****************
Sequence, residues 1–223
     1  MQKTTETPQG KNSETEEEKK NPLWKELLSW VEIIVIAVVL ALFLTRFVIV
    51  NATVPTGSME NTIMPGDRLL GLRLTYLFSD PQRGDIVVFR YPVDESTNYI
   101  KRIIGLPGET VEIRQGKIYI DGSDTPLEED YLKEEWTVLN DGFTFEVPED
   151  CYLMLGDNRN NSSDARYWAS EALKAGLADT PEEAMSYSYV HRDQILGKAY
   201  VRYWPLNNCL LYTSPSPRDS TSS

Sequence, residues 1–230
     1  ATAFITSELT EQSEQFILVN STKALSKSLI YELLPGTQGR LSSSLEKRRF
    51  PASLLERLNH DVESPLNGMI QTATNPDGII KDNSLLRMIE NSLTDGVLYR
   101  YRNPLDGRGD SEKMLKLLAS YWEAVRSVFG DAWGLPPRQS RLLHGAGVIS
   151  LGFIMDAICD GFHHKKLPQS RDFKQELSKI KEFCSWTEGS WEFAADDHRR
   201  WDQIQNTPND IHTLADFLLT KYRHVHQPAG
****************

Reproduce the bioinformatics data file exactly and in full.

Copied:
Sequence, residues 1–223
     1  MQKTTETPQG KNSETEEEKK NPLWKELLSW VEIIVIAVVL ALFLTRFVIV
    51  NATVPTGSME NTIMPGDRLL GLRLTYLFSD PQRGDIVVFR YPVDESTNYI
   101  KRIIGLPGET VEIRQGKIYI DGSDTPLEED YLKEEWTVLN DGFTFEVPED
   151  CYLMLGDNRN NSSDARYWAS EALKAGLADT PEEAMSYSYV HRDQILGKAY
   201  VRYWPLNNCL LYTSPSPRDS TSS

Sequence, residues 1–230
     1  ATAFITSELT EQSEQFILVN STKALSKSLI YELLPGTQGR LSSSLEKRRF
    51  PASLLERLNH DVESPLNGMI QTATNPDGII KDNSLLRMIE NSLTDGVLYR
   101  YRNPLDGRGD SEKMLKLLAS YWEAVRSVFG DAWGLPPRQS RLLHGAGVIS
   151  LGFIMDAICD GFHHKKLPQS RDFKQELSKI KEFCSWTEGS WEFAADDHRR
   201  WDQIQNTPND IHTLADFLLT KYRHVHQPAG